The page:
Editor’s Note: An earlier version of this post was published here.
On Wednesday night, March 22, at Dodger Stadium in Los Angeles, the Puerto Rican national baseball team faced Team USA for the World Baseball Classic championship. Around 9pm that night, Puerto Rico came to a standstill as millions of Boricuas found their ways to TVs and computers in private houses, bars, or screens set on the streets of barrios and parcelas. Puerto Rico exists beyond the archipelago and throughout the United States, and wherever you find Boricuas, the game was on TV. It seemed that all my Boricua friends could talk about that day on Facebook was the final!
For non-Puerto Ricans, it is hard to understand the fervor and fanaticism that takes over Boricuas during events like this one.
— Bengie Molina (@BengieMolina1) March 21, 2017
Our colonial dilemma has much to do with it.
It was a night of colonial ironies. To begin with, team Puerto Rico played home in California against team USA, and it seemed that Latinos throughout the U.S. came out to root for the Boricuas.
It gets better. All the players —from both national teams— are U.S. citizens.
Every player in the Puerto Rican team could’ve played for Team USA.
A couple of players from Team USA could’ve played for Puerto Rico. Only a couple because in Puerto Rico we have this clause that besides being a U.S. citizen, you must have Puerto Rican ancestry to play for our national teams. In fact, Marcus Stroman, the Afro-Diasporican pitcher who silenced the Boricuas’ bats and became the MVP of the tournament, could’ve played for Team Puerto Rico.
Then, the anthems and the flags. Puerto Ricans are used to the ubiquitous presence of the American flag, and (I think) there is no Puerto Rican who is unfamiliar with USA’s national anthem. But are non-Puerto Rican baseball players and fans used to the Boricuas’ flag and national anthem?
— Julio Ricardo Varela (@julito77) March 23, 2017
Finally, Puerto Ricans from all political persuasions joined a common cause to root for Team Puerto Rico. The hopes of the Puerto Rican people were placed squarely on beating Team USA at baseball, “America’s pastime.”
It doesn’t get more symbolic and colonial than this. Imagine the Indians and Pakistanis beating the English at cricket. The Irish beating the English at rugby (thanks, Mae).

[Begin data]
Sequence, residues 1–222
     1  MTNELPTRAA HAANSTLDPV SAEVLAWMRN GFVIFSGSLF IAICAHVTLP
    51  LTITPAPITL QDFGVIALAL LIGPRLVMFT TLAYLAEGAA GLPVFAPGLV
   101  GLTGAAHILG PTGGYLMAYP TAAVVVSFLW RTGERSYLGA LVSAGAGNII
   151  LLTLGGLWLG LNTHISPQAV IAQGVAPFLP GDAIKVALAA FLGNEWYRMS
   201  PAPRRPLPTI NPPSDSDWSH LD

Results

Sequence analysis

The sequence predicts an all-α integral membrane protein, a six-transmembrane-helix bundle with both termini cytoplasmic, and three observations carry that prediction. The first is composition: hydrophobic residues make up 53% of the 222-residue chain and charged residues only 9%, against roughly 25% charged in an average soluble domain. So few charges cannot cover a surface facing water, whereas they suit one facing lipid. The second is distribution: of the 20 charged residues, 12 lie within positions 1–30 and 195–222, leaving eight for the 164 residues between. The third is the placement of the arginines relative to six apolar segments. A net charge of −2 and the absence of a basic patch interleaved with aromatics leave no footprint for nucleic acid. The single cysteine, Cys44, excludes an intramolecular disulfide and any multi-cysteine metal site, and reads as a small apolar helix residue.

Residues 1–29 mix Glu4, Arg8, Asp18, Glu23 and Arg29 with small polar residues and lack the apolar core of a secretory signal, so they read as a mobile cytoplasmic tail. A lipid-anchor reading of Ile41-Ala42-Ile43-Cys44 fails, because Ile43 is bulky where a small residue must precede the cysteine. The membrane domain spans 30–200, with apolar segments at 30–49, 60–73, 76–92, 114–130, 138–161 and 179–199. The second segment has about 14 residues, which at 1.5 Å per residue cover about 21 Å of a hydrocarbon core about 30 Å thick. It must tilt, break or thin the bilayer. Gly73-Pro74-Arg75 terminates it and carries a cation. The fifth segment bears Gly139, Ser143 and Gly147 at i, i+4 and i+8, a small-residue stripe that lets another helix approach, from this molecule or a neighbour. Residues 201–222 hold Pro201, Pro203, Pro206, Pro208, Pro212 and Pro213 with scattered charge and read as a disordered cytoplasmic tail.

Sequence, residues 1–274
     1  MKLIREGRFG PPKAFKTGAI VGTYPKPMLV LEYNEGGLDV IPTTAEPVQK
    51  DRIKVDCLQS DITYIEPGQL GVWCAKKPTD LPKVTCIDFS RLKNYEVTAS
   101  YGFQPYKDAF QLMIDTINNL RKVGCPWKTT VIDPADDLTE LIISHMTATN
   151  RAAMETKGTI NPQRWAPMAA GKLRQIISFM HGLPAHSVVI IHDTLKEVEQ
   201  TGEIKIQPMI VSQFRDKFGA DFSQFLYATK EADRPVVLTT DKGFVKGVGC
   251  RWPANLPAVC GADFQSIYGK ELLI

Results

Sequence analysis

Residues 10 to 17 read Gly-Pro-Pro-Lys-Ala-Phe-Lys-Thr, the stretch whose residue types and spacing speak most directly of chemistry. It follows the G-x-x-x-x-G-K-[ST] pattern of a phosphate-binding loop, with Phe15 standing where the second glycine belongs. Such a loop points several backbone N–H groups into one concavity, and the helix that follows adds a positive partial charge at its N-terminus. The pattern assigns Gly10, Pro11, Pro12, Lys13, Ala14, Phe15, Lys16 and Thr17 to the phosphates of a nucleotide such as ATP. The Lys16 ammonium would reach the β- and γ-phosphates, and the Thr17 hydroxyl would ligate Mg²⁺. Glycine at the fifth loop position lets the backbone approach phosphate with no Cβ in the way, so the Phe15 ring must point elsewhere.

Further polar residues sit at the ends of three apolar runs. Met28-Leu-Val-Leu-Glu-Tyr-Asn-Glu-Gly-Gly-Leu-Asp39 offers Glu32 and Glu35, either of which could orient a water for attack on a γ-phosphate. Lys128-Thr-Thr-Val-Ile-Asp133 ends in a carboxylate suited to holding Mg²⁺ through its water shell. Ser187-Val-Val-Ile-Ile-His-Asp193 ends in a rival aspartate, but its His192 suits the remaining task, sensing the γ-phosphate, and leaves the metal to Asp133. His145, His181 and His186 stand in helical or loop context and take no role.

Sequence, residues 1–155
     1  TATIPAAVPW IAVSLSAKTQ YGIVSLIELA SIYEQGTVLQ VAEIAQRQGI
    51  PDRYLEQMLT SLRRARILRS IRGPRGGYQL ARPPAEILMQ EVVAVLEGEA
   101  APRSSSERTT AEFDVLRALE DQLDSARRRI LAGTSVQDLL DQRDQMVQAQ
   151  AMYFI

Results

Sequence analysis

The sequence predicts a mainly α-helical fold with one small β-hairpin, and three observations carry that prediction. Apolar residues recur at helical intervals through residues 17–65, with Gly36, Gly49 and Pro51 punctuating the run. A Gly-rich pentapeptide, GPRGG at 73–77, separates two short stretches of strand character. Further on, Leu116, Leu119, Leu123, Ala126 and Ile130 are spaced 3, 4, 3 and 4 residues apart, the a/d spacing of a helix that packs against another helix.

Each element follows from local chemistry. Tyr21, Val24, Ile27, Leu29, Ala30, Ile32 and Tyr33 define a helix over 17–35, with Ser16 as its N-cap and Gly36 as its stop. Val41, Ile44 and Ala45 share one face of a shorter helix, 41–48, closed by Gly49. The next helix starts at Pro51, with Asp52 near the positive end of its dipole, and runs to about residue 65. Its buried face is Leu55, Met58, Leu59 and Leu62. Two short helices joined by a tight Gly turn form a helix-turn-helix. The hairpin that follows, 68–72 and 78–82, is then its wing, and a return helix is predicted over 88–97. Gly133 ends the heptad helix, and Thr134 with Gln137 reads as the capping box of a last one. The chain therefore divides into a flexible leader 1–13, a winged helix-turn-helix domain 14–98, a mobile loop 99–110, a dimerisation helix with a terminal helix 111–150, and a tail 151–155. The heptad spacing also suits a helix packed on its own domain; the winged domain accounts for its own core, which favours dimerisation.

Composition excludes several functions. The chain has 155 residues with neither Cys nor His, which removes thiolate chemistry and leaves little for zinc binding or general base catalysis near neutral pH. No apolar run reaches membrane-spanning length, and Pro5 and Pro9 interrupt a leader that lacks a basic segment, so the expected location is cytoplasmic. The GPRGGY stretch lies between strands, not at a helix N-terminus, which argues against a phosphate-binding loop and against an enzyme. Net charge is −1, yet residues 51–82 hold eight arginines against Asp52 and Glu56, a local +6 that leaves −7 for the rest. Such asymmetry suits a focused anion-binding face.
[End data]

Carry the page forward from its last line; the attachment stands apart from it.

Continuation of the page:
— PUR National Team (@beisbolpr) March 23, 2017
The colonies, mastering the pastime of the metropolitan power (euphemism-cough, cough).
Team USA did not carry the burden team Puerto Rico carried on their shoulders. Sure, they wanted to win and they knew they represented the United States. But national self-esteem was not in play. This game was just another of many competitions in which the U.S. the makes it to the finals.
— Damaris (@dga_alterego) March 21, 2017
For Puerto Rico, sports and other international competitions (Miss Universe anyone?), have become a way of expressing national pride—and politics. And in every competition, national self-esteem is in play. It is more than sports, it is cultural reaffirmation, and for many. their only way to show the world who we are.
I know that some may be thinking this is just an extension of “Baile, botella y baraja” (“Dancing, Drinking and Cards”). It could be part of it: keeping people entertained so they don’t realize how colonized they are. But if you are ever in Puerto Rico or among Puerto Ricans during one of these competitions, you will know that it transcends that.
Puerto Ricans actually come together for these events. And for that matter, I have witnessed how Boricuas come together during times of need (be it our own or others), and it is a beautiful and powerful thing.
— Zurdo (@zurdo_miranda) March 14, 2017
Now, I only wish that we did the same to solve our colonial dilemma and that we were as vociferous as we are when we root for our teams.
Until then, Puerto Ricos’s Facebook (Colonial) Relationship tab will continue to read “It’s complicated.”